All NATO member countries are signatories to the United Nations (UN) Protocol on Trafficking in Persons. Allies are keenly aware that human trafficking fuels corruption and organized crime, and is an impediment to peace and security.
Human trafficking is a widespread global phenomenon targeting the most vulnerable and affecting nearly every country in the world.
Its impact is felt disproportionately in war-torn and crisis areas, and has implications at the individual, community and national scale. Armed conflict of any kind increases the number of displaced and impoverished people, subsequently causing greater vulnerabilities with more people at risk of being exploited through organized crime networks.
Factors such as political instability, poverty, forced migration and gender inequality create environments conducive to the trafficking of humans.
NATO is not the primary organization to combat trafficking in human beings, but supports the efforts of the international community and has developed a policy.
The NATO policy on combatting trafficking in human beings commits NATO member countries and other troop-contributing countries participating in NATO-led operations to reinforcing efforts to prevent and combat such activity.
The policy includes a zero-tolerance approach and calls for military and civilian personnel and contractors taking part in NATO-led operations to receive appropriate training on standards of their behavior during operations.
In theatre, NATO-led forces operating within the limits of their mandate support the responsible host country authorities, as well as relevant international organizations, in their efforts to combat trafficking in human beings.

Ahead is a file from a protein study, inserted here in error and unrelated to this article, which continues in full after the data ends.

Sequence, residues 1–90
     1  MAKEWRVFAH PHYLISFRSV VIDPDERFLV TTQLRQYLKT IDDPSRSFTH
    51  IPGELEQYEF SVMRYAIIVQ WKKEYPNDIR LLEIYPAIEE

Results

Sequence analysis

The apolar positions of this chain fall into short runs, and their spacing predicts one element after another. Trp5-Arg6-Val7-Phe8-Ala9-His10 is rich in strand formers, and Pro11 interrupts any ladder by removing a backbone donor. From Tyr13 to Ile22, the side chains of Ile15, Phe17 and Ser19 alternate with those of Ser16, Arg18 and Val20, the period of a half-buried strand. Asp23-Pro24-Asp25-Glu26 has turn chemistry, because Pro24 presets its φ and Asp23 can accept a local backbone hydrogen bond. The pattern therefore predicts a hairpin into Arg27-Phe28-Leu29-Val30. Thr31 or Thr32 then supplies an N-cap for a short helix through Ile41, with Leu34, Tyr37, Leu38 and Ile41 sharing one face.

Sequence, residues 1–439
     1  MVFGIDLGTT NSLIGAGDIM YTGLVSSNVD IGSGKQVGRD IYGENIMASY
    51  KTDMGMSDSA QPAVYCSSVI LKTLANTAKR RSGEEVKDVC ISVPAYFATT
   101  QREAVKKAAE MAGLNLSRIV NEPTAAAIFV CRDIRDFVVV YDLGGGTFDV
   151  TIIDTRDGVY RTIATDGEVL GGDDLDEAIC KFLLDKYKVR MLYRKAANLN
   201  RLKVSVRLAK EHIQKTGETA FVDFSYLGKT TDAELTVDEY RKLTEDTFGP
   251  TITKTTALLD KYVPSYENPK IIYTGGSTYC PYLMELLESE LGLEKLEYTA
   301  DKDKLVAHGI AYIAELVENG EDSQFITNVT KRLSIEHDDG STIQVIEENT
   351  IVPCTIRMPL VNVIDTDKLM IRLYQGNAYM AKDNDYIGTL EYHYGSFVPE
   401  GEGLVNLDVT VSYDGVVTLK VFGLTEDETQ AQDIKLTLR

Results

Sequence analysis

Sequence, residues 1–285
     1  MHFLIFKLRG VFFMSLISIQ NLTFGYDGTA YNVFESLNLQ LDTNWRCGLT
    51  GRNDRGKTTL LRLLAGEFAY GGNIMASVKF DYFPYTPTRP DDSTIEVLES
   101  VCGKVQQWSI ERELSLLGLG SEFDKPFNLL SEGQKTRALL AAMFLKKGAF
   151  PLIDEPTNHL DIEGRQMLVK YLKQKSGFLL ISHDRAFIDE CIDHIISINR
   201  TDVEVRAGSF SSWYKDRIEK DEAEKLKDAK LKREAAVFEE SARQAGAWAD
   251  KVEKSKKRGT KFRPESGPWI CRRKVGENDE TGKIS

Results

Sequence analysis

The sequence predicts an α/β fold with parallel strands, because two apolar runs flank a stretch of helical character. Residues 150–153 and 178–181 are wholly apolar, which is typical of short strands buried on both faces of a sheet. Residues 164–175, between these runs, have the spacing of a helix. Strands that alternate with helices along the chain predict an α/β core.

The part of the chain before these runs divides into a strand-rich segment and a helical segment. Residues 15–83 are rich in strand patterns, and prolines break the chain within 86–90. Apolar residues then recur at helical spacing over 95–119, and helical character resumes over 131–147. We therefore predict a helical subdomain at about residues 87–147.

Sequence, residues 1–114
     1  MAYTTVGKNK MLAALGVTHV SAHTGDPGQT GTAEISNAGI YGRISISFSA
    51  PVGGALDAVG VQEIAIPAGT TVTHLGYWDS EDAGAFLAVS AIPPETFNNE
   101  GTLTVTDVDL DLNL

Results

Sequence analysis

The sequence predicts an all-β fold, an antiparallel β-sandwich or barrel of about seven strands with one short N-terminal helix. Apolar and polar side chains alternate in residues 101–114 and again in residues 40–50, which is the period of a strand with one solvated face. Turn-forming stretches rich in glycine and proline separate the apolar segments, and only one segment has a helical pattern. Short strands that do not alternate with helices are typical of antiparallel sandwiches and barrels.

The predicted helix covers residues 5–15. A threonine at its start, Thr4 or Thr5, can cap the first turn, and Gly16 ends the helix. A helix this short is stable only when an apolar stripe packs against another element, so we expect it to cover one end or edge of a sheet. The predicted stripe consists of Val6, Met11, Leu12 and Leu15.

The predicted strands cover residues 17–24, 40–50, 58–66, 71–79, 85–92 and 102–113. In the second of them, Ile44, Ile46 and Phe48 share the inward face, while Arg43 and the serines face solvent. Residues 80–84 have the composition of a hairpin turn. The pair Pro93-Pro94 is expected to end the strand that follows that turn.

Much of the responsibility for implementing NATO’s policy is assigned to its Military Committee given that troops from NATO and non-NATO countries participating in NATO-led operations are the most likely to come into contact with trafficked individuals and trafficking rings.
Guidance is issued by the Strategic Commanders and the Alliance works to ensure that the entire chain of command in every operation or mission is aware of the NATO policy. For instance, specific policy provisions were developed and incorporated into the operational plans relating to reflect the NATO policy and relevant guidance, as well as to raise awareness among personnel.
The relationship between armed conflict and human trafficking is but one reason for NATO, as a military and political alliance, to remain involved and to explore how the Alliance might adapt its approaches to countering human trafficking in light of the evolving security environment. To this end, NATO is currently in the process of updating its policy on combatting trafficking in human beings.